The Future for the Next Generation of Teachers

The workload of teachers and the competitiveness of wages are the factors most affecting the future of schools in Tallinn and Tartu

The solutions to the problems of the quality of teaching and of finding the next generation of teachers for schools in Tallinn and Tartu depend primarily on lightening the workload of teachers and on how competitive the profession of teaching is in the labour markets of the biggest towns says a short report by the Foresight Centre on the future for the next generation of teachers in schools in Tallinn and Tartu out to 2040.

The Foresight Centre defined three types of school in its assessment of the future for the next generation of teachers in schools, separating Estonian schools into those in Tallinn and Tartu, other urban schools, and rural schools. Eneli Kindsiko, an expert from the Foresight Centre, explained that the future scenarios for teachers produced as part of the research stream on the future for the next generation of teachers reflect possible future developments in those schools and can help in understanding where current trends may lead.

“The scenarios are not solutions to current problems, they are narratives about the future that help in understanding what may happen if one or another trend dominates. If one or another scenario appears worrying or entirely unattractive, it is worth thinking about how to avoid it being realised”, she emphasised.

Two issues need to be addressed as priorities in order to ensure the next generation of teachers in schools in Tallinn and Tartu. The first of these is the excessive workload that teachers have to deal with. The second is to make the profession of teaching competitive in the labour markets of the two largest towns in Estonia, where wage pressures are high and there is a larger range of attractive alternative jobs available than in other towns and regions of Estonia. There are more younger teachers of an age where they have young families working in schools in Tartu and Tallinn than in other regions of Estonia, and they consequently have larger financial obligations and higher expectations for their salary; 29% of teachers in Harjumaa and 33% of those in Tartumaa are aged under 40, while only 16-22% are in other regions.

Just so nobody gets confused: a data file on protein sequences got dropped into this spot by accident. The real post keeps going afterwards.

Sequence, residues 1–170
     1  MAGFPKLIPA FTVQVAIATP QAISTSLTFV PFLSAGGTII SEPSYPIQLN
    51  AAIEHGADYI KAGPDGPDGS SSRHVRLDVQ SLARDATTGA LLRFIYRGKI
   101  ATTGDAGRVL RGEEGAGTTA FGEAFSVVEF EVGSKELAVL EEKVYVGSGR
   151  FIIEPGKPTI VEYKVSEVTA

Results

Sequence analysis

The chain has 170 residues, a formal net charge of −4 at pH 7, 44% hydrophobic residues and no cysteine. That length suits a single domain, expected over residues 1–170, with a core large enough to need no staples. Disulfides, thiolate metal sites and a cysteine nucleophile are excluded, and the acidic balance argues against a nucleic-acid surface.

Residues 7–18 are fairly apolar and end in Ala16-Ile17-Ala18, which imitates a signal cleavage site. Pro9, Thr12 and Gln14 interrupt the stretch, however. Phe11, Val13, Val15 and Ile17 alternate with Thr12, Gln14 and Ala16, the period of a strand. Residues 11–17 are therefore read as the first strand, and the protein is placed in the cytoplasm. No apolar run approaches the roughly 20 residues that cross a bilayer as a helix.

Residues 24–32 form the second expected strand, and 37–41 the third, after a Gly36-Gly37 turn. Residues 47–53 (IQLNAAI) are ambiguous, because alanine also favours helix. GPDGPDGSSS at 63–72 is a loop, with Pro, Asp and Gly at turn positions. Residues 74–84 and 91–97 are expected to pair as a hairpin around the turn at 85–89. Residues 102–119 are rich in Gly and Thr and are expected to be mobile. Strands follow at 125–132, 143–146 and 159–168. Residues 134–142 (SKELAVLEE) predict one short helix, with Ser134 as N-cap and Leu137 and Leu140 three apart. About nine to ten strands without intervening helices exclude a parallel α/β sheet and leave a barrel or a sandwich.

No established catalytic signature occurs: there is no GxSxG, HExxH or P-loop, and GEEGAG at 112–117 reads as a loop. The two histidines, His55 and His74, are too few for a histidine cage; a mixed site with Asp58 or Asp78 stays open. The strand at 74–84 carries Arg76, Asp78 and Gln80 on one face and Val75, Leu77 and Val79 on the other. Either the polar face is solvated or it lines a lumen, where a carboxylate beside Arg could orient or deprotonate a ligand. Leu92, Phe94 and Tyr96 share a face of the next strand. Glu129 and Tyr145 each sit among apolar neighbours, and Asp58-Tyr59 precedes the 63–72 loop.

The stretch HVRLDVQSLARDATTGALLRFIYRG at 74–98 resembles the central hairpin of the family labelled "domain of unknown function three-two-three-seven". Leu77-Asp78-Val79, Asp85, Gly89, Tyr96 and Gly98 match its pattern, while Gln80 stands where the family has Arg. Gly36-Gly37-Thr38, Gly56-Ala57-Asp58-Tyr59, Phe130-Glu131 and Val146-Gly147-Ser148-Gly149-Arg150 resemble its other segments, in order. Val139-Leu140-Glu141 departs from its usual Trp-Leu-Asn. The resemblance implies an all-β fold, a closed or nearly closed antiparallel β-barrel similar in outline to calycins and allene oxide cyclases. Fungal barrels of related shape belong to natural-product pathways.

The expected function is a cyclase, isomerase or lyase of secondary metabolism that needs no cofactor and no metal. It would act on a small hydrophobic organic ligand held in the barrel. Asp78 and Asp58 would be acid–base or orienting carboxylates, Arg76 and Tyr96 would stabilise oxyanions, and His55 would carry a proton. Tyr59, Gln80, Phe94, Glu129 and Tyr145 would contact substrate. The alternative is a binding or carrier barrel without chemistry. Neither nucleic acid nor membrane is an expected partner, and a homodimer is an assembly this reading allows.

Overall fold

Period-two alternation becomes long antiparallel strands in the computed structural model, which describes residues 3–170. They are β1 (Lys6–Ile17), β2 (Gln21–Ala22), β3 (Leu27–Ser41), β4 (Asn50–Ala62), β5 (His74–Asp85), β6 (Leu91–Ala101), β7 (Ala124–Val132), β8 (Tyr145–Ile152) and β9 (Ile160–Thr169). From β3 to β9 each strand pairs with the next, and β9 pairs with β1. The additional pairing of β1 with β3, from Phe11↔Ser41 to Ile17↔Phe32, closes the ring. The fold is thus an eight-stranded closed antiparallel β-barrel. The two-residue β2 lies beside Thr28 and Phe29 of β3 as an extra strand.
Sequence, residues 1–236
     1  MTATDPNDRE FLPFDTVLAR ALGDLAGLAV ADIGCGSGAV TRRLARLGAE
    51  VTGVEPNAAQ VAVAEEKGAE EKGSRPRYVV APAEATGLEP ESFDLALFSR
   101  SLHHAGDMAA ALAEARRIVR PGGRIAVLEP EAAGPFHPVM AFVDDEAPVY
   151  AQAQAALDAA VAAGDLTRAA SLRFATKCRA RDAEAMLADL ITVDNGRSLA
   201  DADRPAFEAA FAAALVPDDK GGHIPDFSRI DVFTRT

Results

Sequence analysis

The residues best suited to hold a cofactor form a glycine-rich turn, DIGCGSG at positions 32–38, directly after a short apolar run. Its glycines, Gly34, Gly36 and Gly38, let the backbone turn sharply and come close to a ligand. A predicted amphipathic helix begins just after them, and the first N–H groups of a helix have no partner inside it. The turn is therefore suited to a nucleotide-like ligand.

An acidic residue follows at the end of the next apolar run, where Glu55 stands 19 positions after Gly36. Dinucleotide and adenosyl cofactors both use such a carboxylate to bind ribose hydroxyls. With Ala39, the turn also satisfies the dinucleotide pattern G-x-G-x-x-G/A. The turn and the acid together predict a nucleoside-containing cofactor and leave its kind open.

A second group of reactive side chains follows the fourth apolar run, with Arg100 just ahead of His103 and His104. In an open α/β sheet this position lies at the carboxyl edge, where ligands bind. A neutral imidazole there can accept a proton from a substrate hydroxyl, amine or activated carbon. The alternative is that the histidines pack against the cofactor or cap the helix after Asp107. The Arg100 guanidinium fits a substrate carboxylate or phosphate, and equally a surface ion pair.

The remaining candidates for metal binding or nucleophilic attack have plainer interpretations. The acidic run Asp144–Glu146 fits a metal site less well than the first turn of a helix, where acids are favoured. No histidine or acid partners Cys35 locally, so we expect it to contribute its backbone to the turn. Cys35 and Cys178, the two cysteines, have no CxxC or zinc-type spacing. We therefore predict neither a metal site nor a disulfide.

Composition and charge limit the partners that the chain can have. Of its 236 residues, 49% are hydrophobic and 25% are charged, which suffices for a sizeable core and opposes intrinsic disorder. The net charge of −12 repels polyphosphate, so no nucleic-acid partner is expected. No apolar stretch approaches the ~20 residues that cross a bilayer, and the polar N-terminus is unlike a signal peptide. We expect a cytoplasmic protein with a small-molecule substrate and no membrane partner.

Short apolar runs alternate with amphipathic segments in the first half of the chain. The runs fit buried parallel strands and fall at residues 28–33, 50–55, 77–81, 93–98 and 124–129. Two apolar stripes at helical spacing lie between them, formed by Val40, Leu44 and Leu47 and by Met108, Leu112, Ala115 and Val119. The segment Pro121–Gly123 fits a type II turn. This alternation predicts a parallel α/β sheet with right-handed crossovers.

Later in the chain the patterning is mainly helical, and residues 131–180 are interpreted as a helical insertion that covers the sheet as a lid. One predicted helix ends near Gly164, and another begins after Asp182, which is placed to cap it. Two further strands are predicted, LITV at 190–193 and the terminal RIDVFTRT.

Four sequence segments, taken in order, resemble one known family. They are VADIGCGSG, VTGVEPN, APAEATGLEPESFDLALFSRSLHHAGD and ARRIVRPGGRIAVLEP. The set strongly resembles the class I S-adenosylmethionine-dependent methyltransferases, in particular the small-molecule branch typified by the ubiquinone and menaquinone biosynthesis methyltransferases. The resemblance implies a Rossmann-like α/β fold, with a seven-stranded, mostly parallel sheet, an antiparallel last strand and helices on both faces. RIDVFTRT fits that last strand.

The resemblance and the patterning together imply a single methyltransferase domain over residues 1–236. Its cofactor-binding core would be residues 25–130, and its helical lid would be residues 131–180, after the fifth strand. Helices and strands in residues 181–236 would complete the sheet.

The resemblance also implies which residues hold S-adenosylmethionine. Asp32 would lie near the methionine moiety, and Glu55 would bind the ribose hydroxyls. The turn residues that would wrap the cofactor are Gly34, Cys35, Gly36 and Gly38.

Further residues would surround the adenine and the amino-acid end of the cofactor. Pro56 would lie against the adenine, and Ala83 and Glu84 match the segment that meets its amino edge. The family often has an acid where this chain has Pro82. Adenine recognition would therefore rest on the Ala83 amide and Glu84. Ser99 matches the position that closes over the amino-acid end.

Ms Kindsiko noted that the baseline scenario for the next generation of teachers in schools in Tallinn and Tartu is a scenario of private teachers, where whether children have access to good education will in future depend on whether their parents are able to pay for private teachers who can help fill the educational gaps created by the shortage of teachers in schools. “This is the case that would arise by 2040 if we do not make any changes and the current trends continue. In the private teacher scenario, teaching would be done by private teachers, and the educational gap would widen. The number of private schools in Tallinn in Tartu is rising, but this means that a good education is guaranteed only for the children with the wealthiest parents”, she said.

The best scenario available is the smart teacher scenario, in which technology is used to reduce the workload of teachers. “We will have to work hard to reach that point, as the recent PISA results show that other countries have moved ahead of us in using digital technology to enhance teaching”, said Ms Kindsiko.

The teaching staff of the future in the smart teacher scenario are able to navigate using smart technology so that a good education does not depend on the teacher actually being physically present. Routine tasks are automated and the main focus of the teacher is on working with pupils with special needs, developing the social skills of pupils, and understanding the psyches of children.

The Foresight Centre notes that an advantage of the smart teacher scenario is that the profession of teaching becomes more valued and appreciated by the state and by society. Class sizes in schools in Tallinn and Tartu would be smaller, the working week of the teacher would not exceed 35 hours, and the minimum pay for teachers would have reached 120% of the average salary in Estonia.

The Foresight Centre report on scenarios for the need for teachers out to 2040 can be found in Estonian at:  

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